So far so good, two weeks into 2020. Domestic box office is up about 10% ($40 million) from the start of last year. And this upcoming Martin Luther King holiday looks to keep that positive pace going. The three top spots should easily belong to openers “Bad Boys for Life” (Sony) and “Dolittle” (Universal) and Oscar contender “1917” (Universal). They could be close, but most likely the Will Smith-Martin Lawrence remake will lead.
One calendar advantage is that the Oscar nominations came a week later last year, with no impact on the long weekend. Add that this year has surging top contender “1917” as well as several recent Oscar hopefuls like “Little Women” to boost the totals.
Last year saw the three-day weekend gross $134 million ($162 million for four days). But apart from the Oscar boost, this year has other ways to surpass that. Two wide studio openers — last year standalone “Glass” delivered $40 million — with strong holdovers could increase the total more than the 10% jump so far. One informed guess: Sam Mendes’ World War I film will hold. Four years ago, “The Revenant” opened wide after a similar Christmas platform start, with its many nominations arriving before the second weekend, also the King Birthday holiday. It fell 20% from its $40 million start. If “1917” does the same, it would do around $30 million. Good enough for #1? Perhaps not, but close.
Of the two new titles, “Bad Boys for Life” looks best-positioned to challenge the top spot. The $90-million film, the third in the franchise, and first since 2003, reunites Will Smith and Martin Lawrence as detectives. This time, similar to other action series (James Bond, “Mission: Impossible,” “Fast and Furious”), this installment has a more international flavor with a Romanian gangster villain, though the action is stateside. It was directed by a Belgian pair, Adil El Darbi and Bilall Fallah, whose earlier work caught the attention of producer Jerry Bruckheimer.
The first two franchise entries were successes, though “Bad Boys II” in 2003 cost an adjusted $200 million, with a domestic total around an adjusted $200 million, same as foreign. The 1995 original (adjusted) grossed $140 million domestic, around $280 million worldwide, so about the same adjusted $400 million.
Is this recent reboot more “Jumanji,” which Sony has parlayed twice into sequel success, or a past-its-expiration date release like “Terminator”? The big advantage for “Bad Boys,” apart from awareness, is it’s the first tentpole action release (aimed at core audiences who aren’t tuning year-end awards titles) since the November 1 “Terminator” reboot, if not “Joker.” One test is how well Will Smith still draws. He starred in “Aladdin,” a big hit last year but he wasn’t the main draw. “Gemini Man,” a more sophisticated action film, failed to reach $50 million domestic (at a budget 50% more than this film), and his voicing in the recent “Spies in Disguise” did not support a breakout.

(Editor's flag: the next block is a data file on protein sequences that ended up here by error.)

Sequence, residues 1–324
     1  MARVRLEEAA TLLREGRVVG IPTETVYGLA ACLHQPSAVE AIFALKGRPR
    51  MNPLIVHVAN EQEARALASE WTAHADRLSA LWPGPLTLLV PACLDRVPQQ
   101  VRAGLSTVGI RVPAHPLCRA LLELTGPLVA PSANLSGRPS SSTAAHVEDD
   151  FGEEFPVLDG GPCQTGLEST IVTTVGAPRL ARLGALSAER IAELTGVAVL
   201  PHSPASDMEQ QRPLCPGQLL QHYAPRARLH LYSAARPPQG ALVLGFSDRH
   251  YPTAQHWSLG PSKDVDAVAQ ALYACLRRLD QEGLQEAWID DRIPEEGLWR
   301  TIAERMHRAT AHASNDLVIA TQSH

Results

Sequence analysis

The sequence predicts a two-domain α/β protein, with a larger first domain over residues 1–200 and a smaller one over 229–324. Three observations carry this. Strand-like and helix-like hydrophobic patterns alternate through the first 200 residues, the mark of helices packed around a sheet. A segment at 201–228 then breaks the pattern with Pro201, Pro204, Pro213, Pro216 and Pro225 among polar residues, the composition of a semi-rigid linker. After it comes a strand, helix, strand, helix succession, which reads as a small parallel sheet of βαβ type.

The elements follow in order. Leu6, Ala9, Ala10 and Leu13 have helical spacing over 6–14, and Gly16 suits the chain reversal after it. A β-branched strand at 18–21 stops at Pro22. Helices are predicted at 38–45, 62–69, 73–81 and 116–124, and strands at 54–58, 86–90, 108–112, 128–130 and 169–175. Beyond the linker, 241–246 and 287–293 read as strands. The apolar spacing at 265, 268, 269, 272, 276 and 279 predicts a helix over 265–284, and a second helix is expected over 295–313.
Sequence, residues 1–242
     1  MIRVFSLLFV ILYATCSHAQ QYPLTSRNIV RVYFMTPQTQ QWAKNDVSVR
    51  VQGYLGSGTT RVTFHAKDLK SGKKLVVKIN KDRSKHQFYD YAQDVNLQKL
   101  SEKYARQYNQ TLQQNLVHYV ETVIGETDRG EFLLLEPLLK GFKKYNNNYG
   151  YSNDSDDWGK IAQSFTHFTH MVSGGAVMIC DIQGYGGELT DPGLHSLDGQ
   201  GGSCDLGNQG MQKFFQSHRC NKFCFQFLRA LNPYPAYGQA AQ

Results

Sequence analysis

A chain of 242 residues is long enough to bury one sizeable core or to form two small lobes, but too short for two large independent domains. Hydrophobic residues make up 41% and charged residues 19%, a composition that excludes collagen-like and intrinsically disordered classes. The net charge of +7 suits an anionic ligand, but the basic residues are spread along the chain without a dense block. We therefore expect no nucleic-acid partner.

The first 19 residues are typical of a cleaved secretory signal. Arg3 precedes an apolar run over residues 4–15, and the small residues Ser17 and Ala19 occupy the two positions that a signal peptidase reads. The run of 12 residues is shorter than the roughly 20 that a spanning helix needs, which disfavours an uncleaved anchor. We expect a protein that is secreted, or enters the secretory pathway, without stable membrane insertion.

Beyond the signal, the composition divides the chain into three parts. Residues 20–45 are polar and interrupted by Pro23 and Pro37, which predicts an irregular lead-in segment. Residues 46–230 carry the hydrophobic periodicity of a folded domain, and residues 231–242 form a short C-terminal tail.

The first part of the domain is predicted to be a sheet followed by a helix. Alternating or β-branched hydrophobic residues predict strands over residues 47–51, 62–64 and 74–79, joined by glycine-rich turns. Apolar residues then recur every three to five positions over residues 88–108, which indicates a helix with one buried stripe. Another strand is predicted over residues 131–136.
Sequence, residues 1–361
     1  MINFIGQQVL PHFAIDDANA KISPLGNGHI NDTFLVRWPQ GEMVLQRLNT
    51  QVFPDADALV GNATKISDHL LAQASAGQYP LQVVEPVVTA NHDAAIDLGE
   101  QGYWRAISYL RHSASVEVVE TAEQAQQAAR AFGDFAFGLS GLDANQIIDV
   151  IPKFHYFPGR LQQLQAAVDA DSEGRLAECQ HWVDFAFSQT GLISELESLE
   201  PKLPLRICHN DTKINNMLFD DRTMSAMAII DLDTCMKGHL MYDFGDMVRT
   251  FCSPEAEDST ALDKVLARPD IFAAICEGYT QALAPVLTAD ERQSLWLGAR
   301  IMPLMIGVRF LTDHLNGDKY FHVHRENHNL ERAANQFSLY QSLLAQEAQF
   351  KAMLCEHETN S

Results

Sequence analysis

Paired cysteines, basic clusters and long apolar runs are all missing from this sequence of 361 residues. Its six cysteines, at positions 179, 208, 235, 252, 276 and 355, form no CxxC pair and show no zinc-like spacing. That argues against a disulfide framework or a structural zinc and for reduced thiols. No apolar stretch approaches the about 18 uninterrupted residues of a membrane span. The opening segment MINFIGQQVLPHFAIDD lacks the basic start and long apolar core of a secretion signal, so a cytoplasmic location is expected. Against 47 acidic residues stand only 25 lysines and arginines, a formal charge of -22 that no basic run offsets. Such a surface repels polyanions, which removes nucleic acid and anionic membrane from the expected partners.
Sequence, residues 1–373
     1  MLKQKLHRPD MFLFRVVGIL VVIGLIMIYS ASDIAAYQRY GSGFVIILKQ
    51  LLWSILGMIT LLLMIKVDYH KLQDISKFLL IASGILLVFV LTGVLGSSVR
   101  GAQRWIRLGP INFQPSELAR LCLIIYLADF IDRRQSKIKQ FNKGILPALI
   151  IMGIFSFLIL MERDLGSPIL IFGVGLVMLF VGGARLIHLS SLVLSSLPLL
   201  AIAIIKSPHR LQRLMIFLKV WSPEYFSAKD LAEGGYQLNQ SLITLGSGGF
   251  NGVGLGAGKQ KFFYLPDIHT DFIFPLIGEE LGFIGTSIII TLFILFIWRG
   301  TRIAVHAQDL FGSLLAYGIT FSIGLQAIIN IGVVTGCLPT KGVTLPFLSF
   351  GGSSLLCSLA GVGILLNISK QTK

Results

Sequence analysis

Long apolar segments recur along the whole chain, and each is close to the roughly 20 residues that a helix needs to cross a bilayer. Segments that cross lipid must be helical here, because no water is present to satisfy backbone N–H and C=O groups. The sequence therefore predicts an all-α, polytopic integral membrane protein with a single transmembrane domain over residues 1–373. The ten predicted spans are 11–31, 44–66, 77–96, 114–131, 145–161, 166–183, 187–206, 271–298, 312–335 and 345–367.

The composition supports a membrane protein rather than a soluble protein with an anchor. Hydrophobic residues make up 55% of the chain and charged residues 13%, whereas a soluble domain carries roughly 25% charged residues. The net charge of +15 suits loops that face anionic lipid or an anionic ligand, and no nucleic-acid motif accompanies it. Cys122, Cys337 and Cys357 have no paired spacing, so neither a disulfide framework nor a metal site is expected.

Still it appears likely that “Bad Boys” will end up in the top spot, at $35 million as a minimum, with an upside for three days of $40 million possible or more. Early reviews have been more positive than normal than most recent franchise extentions.
When Universal ended up spending a reported $175 million on VFX extravaganza “Dolittle,” they weren’t banking on opening in third place. That could happen. The troubled production starring Robert Downey Jr. and Antonio Banderas, with animal characters voiced by the likes of Rami Malek, Ralph Fiennes, Emma Thompson, and Octavia Spencer, was directed (before extensive reshoots) and co-written by Stephen Gaghan, writer of “Traffic” before directing “Syriana.”
That’s an odd match for a huge budget family-oriented comedy, but it suggests major ambition for this film. Before reshoots last spring, this was set for May, then April 2019. The holiday weekend date makes sense as family fare, though Christmas would have maximized its chances. Universal had already blocked out that date for another VFX-driven entry, the disastrously expensive “Cats.”
The optimistic guess for the “Dolittle” opening is $20-25 million. Reviews haven’t appeared yet, but more than review-proof “Bad Boys,” the family movie could be vulnerable to bad notices. One asset: “Dolittle” could do much better foreign — it already did well in Korea. But it needs some domestic heft to justify its budget, and that looks unlikely.
Oscar bonuses should arrive for “Little Women” (Sony), which might see only a small drop from $7.8 million last weekend, delivering by Sunday around $90 million. “Bombshell” (Lionsgate) got two acting nods, which took it over $1 million. Watch for a big bump for Oscar nominee “Parasite” (Neon). Expanding to its widest point in its 15th week (ahead of home availability), it will play on 800 theaters and could have its biggest weekend yet (previously it was $2.5 million). It will be at $26 million by Thursday, so this uptick will propel it ultimately above $30 million. That’s more than “Moonlight” grossed even after its Best Picture win. Expanding even more is Fox Searchlight’s “Jojo Rabbit.” It will play in 945 theaters, hoping to build on its $22 million total so far.
Expect “Jumanji: The Next Level” (Sony) to end up ahead of “Star Wars: The Rise of Skywalker” (Disney) after falling a million short last weekend. The second weekends of “Like a Boss” (Paramount) and “Underwater” (20th Century Fox) should fall sharply, with the latter likely out of the Top Ten.
“Just Mercy” (Warner Bros.) failed to score a Supporting Actor nod for Jamie Foxx, but its A+ Cinemascore and civil rights topicality over the holiday could see a decent hold. And “Knives Out” (Lionsgate) should stay strong. “Frozen II” (Disney) is winding down, with a chance of reaching $500 million domestic.
The Monday school holiday will lift all boats.